After breaching the Earth’s atmosphere and on exposure to microgravity, the body undergoes significant fluid redistribution. Both short and long-term compensatory changes occur regarding blood pressure and heart rate. Cardiovascular remodeling may also occur upon long-term exposure to extraterrestrial conditions.

“Other cardiac and vascular factors that remain to be studied in detail include the potential for cardiac dysrhythmias, and the effect of cosmic radiation on cardiac tissues and vasculature,” the authors wrote.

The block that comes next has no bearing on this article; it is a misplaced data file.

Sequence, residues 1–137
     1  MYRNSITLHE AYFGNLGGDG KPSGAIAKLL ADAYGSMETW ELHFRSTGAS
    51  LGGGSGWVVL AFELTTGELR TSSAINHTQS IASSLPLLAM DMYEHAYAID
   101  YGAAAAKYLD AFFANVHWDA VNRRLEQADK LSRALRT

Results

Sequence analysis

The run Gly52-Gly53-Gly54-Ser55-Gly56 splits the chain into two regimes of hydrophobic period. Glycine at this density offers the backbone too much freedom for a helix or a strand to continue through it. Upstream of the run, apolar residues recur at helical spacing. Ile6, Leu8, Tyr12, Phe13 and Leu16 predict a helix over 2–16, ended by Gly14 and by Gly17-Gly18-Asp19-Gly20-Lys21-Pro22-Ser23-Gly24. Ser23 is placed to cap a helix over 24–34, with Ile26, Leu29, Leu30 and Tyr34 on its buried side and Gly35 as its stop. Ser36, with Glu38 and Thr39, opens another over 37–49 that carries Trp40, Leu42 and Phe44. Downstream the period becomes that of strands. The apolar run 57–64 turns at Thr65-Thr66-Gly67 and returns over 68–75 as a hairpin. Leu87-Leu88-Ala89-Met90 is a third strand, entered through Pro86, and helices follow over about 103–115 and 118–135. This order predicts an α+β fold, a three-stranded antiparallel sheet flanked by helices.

Since supportive bones and musculature have no gravitational forces to resist against, they will begin to atrophy. The lack of gravity appears to affect type 2 (slow twitch) muscle fibers more than type 1 (fast twitch), but onboard resistance training can mitigate these effects. Furthermore, astronauts may be at increased risk of pathological fracture due to bony atrophy.

Immunity challenges

A variety of factors combine to put the mission crew at greater risk for infection.

“Lymphocyte subtype composition is known to vary in space, relative to earth” Dr. Panesar said, “and cortisol levels may also increase as a stress reaction, which may adversely affect the immune system.”

Because the crew can’t go outside to catch some fresh air, the crowded, enclosed environment and recycled air may additionally increase susceptibility to infection.